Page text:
Friendship in spite of Hitler: stories of survival from around the world
Judita Matyášová is a young Czech journalist who by pure chance happened to come upon the story of some 700 Jewish children from around central Europe who were smuggled to Denmark to escape the Holocaust. Unlike the story of Nicolas Winton’s children this one had not been researched and Judita made it her own special project to find as many of the 100 Czech children as she could, reunite them and tell their story. Her close to three year endeavor is the topic of a book due to come out in October. Judita visited Radio Prague’s studio this week to talk about the search for survivors, her book and how it all began.
And that was how you found that there were several hundred children who made this journey?
“Actually, it was a group of 80 to 100 teenagers from Czechoslovakia and in total it was 700 Czech, Polish, Slovak, German, Austrian teenagers, so in all it is 700 teenagers from central Europe.”
And they all spent the war in Denmark?
“Yes, they were placed in Danish foster families and they were there until 1943 when they had to escape to Sweden, a very dramatic escape because they were hidden in fishermen’s boats, but most of them survived. That was when most of them parted ways and lost touch for the next 70 years. And they were finally reunited last year and again this year. “
How did you go about searching for them when they were scattered around the world, presumably?
All these are people whom you personally traced?
“Yes, yes, survivors and some descendents from the second generation, they came from America, from Africa, from Europe so it was something incredible.”
Did you personally visit these places or just write and contact the authorities for information? How did you find these people?
“It is like detective work. Some links I got through emails, Skype and other communication channels. And it was amazing to meet them – all together.”
How did they respond to this endeavour of yours?
“The survivors? A lot of people asked them how does it feel to see your friends after so many years? And they said –it is like we are still teenagers. You couldn’t stop them. They were talking and talking and it was an amazing atmosphere. They were very, very emotional. And I expect that this year in October when some of them come to Prague it will also be great. “
“They are 88-89.”
What were the highlights of this project for you personally?
“For me it is not just a Jewish story. It is an amazing story of friendship, an amazing story of unconditional help extended by the foster families in Denmark and also people in Sweden, and a story of incredible love between parents and children. It is a sign of great love to send your child away to safety thinking- this is the best I can do for them.”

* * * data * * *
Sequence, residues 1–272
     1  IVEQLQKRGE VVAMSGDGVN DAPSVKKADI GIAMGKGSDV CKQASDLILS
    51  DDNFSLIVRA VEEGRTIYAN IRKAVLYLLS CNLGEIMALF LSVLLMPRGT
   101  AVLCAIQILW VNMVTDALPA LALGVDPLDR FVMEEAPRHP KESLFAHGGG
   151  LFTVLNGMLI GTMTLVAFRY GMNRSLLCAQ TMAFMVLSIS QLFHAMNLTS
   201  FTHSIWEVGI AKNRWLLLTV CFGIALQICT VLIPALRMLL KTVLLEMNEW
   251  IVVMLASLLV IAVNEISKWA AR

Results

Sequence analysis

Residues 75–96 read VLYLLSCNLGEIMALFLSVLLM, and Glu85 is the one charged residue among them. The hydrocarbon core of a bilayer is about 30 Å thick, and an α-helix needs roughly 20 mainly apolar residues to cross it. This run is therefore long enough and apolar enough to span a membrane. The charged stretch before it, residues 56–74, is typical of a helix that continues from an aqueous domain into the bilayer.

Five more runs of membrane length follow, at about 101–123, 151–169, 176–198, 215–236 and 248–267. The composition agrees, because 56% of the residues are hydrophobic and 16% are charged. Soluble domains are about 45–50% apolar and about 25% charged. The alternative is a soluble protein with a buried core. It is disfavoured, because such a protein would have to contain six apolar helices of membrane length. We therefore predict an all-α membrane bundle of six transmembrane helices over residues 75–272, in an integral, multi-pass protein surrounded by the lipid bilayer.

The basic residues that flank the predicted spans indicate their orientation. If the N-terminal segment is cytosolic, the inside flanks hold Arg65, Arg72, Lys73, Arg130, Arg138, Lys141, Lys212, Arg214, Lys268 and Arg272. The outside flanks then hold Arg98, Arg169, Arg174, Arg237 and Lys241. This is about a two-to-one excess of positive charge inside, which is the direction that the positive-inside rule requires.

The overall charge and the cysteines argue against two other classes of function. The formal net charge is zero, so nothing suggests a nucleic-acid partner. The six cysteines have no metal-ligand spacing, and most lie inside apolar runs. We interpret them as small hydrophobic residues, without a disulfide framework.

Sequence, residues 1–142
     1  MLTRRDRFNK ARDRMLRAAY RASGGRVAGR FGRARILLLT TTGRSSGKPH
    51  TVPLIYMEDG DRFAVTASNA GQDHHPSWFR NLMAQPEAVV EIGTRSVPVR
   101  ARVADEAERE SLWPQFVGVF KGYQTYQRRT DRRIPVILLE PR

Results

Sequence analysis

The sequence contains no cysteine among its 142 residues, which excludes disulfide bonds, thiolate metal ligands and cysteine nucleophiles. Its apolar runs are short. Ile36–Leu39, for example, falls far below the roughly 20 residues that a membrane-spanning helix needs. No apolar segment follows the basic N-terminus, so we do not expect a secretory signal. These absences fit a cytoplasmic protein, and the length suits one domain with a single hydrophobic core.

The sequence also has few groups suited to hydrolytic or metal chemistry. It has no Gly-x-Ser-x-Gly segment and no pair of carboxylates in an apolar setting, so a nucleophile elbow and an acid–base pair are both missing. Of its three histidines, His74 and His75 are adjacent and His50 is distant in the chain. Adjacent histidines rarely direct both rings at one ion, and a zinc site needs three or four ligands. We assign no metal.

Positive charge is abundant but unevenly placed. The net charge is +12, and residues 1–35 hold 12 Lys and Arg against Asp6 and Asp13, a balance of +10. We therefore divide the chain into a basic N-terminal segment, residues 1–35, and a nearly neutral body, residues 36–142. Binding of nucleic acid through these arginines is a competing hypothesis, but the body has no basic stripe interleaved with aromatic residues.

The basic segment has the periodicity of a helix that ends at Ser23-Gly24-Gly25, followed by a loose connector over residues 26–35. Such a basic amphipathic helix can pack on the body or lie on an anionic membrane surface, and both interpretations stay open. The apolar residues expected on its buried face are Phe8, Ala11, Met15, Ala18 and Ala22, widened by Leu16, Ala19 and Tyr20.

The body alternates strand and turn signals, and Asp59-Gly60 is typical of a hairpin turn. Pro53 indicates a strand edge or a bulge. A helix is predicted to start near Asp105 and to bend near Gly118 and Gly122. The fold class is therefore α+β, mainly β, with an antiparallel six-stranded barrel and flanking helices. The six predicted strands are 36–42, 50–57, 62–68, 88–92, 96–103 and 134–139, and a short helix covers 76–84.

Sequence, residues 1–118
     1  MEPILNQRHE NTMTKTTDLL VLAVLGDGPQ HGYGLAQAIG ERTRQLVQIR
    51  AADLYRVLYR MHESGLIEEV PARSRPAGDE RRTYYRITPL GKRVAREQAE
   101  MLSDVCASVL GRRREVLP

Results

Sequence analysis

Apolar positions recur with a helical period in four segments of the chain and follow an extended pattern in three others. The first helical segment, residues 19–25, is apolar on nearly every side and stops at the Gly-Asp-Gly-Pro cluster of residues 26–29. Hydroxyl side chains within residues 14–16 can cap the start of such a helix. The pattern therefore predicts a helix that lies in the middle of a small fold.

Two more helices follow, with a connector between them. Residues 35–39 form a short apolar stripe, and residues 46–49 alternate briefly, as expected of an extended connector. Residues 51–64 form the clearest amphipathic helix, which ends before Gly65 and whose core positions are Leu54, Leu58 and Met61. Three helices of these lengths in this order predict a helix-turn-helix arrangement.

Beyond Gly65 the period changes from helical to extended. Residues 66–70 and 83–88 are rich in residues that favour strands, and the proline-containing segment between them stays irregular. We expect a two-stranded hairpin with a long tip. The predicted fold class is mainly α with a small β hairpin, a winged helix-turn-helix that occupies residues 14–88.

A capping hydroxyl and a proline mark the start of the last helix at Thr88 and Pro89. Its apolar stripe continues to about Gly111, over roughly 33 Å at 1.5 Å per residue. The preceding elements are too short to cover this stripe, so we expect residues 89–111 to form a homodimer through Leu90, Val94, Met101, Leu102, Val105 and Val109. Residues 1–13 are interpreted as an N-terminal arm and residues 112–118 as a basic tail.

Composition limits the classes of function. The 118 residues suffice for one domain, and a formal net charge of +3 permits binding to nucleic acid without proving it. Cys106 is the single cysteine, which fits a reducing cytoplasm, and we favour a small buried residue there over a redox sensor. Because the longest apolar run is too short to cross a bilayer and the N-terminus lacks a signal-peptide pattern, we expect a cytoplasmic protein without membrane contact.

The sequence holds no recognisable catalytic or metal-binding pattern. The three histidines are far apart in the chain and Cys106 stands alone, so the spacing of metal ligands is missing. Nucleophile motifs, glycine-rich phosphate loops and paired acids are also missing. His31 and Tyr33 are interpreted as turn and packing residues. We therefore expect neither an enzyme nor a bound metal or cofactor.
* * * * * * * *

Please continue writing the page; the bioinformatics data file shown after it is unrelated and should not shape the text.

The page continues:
Presumably, you goal in searching for these people was not just to help them to meet once again but also to tell their story –how many stories have you collected?
“I think 40 to 50 stories and it is still snowballing because a week before finishing my book I got a message via Facebook from a woman in Israel who said I was just on the Internet and found my grandmother’s name on your list of war children. She is here in Israel –would like to contact her? So for me it is not just about the reunion, but also about presenting these stories as a great example and inspiration for us and especially for the young generation because when I visit schools and talk to young people I see that they are really interested in the story because they are teenagers and this is a story about teenagers in a very special situation.”
You have just finished work on a book called Friendship in spite of Hitler which is due to come out in October in Czech. Will it also be available in English?
“Yes, the book is being translated into English now and it should be ready by the end of this year and will be available as an e-book on the Internet and hopefully next year I will find a publisher in Great Britain or the US because I feel it is important to bring it to the attention of the international public.”
Can you tell us a bit about the book – is it a collection of the life stories of these war children?
What would you like your book to bring readers?
“I think this book might bring something new in the field of survivors’ stories, because there are so many movies and books and materials which are mainly focussed on wartime, but I think it is important to see the war in the context of what happened before and after. This book is mostly about searching for your home. Is it still your home without your parents, without your loved ones? When you are an immigrant in Denmark, in Sweden, anywhere in the world, how do you go about creating a new home? Is it a Czech home in an Israeli kibbutz, or Boston or New York? Is it still your home? For many survivors home has come to mean the Czech language, Czech culture, Czech history. They live all over the world and they still speak almost perfect Czech and for them this is something so important, so deep that this may the answer to the question –where is their home.”